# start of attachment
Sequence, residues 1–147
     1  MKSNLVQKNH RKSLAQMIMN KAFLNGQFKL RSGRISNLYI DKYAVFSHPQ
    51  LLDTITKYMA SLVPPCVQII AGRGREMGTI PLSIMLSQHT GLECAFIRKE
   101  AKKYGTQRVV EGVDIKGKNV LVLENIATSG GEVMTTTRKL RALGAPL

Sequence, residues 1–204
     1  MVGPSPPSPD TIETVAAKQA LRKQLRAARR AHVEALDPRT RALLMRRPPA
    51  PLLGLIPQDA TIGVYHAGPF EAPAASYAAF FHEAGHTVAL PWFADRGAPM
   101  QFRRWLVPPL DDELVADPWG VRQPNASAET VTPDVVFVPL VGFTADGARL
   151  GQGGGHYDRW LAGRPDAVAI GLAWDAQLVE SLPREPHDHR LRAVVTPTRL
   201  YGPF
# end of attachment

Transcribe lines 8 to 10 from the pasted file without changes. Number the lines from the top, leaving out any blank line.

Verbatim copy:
   101  QFRRWLVPPL DDELVADPWG VRQPNASAET VTPDVVFVPL VGFTADGARL
   151  GQGGGHYDRW LAGRPDAVAI GLAWDAQLVE SLPREPHDHR LRAVVTPTRL
   201  YGPF